The 2007 movie, The Great Debaters, covers that road to the historic championship win. They took dramatic liberties, compositing characters, and changing some facts. Instead of the Wiley debate team going up against USC, it went up against Harvard. Still, the moment captured is inspiring, rousing, and uplifting, not just for Blacks, but for all people.

What the movie also doesn’t cover is the fact that Tolson and Wiley College maintained a 10-year winning streak from 1929 to 1939.

Tolson never stopped finding, taking back, and keeping his own righteous mind. In 1930, Tolson stepped away for a time from teaching and coaching to go to New York and pursue his masters degree at Columbia University. In 1931, he returned to Wiley College, but still worked on the completion of his degree program. In 1940, Tolson received an MFA in English and Comparative Literature. Of course with his time in New York came the opportunity to rub shoulders with the giants of the Harlem Renaissance, like Langston Hughes and Zora Neale Hurston. Tolson interviewed these and other artists for his master’s thesis, and was inspired to write poetry that delved into the Black urban experience. Tolson’s poetry appeared in Black newspapers of the time, and in 1944, Tolson’s first book of poetry, Rendezvous with America, was published.

In 1947, Tolson moved on from Wiley to teach at Langston University in Langston, Oklahoma. He was appointed the Poet Laureate of Liberia that same year, and published a second book of poetry in 1953 titled, Libretto for the Republic of Liberia. From 1954-1960, Tolson served as mayor of Langston, Oklahoma, then went on to publish Harlem Gallery, another book of poetry in 1965.

On August 29, 1966, Melvin B. Tolson died undergoing a surgery to treat his cancer. He has left America with not only a legacy of academic wealth in his published works, but in the lives he activated as a professor and a coach.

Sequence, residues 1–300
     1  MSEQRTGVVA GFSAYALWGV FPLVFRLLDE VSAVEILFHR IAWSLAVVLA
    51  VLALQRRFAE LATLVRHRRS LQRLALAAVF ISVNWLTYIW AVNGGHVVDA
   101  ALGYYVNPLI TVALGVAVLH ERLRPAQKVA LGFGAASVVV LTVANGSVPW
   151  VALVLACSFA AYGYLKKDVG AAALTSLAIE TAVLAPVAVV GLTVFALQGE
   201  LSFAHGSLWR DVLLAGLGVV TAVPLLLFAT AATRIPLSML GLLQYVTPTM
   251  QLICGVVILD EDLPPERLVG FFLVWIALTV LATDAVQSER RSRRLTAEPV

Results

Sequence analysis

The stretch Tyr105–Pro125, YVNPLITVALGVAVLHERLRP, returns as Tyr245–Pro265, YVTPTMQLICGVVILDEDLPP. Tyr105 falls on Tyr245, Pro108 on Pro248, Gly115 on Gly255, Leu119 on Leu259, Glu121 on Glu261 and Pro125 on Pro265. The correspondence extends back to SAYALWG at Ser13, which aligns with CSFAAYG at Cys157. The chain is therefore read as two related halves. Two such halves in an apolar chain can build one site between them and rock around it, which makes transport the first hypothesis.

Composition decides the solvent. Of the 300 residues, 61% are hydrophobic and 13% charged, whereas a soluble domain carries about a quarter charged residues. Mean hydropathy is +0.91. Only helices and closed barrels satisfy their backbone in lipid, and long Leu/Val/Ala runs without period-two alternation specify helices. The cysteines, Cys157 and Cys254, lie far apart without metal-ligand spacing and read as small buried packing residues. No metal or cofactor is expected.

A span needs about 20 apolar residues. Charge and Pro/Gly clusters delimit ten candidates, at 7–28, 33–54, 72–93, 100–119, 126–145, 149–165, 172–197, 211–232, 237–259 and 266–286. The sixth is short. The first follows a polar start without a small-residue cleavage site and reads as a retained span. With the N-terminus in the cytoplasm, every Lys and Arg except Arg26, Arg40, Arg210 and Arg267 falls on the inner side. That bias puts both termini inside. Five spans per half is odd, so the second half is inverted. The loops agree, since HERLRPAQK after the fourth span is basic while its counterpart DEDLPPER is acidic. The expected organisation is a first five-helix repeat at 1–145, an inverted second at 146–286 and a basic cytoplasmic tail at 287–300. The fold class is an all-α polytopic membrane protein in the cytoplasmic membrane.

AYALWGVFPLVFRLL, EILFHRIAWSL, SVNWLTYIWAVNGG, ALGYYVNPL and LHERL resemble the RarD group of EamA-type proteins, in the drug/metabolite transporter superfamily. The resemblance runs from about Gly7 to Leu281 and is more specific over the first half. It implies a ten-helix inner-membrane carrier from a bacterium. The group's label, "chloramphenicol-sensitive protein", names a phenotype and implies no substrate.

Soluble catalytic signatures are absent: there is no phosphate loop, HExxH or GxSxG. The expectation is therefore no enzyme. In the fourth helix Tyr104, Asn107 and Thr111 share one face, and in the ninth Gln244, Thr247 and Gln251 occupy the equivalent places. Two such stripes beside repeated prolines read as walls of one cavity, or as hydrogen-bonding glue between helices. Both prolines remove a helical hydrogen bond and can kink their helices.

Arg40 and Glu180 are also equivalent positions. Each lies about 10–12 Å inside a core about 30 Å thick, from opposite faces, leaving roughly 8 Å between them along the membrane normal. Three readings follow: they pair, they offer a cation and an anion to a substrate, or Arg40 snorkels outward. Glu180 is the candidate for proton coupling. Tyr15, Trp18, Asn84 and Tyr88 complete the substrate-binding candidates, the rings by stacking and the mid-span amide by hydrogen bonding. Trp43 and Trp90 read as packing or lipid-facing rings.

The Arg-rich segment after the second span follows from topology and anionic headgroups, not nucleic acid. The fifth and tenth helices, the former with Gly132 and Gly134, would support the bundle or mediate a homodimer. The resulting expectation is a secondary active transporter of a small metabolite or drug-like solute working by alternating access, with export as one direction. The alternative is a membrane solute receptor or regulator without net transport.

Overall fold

The Great Debaters is one of my favorite movies, not only because of the fabulous performances (and direction) of Denzel Washington, and other standout talent like Forest Whitaker, Kimberly Elise, Nate Parker, Gina Ravera, and Jurnee Smollett, but because it captures a victory over Jim Crow, segregation, and encapsulates an aspect of the Black experience as it pertained to academics and college life. Education from the lens of the Black experience is unique, and powerful.

Just ask Dr. Ben Carson.

As I said in the video and above, the story was altered for dramatic license. The original 1935 debate was against USC, which was the undefeated debate team in the country at that time. My alma mater has fallen on hard times of late, but it was once an illustrious institution and a worthy competitor.

Some of my favorite quotes come from this film, like, “We do what we have to do in order to do what we want to do.”

Here are the moments that make this movie not only inspirational, insightful, and educational, but a unique lens into the Black experience.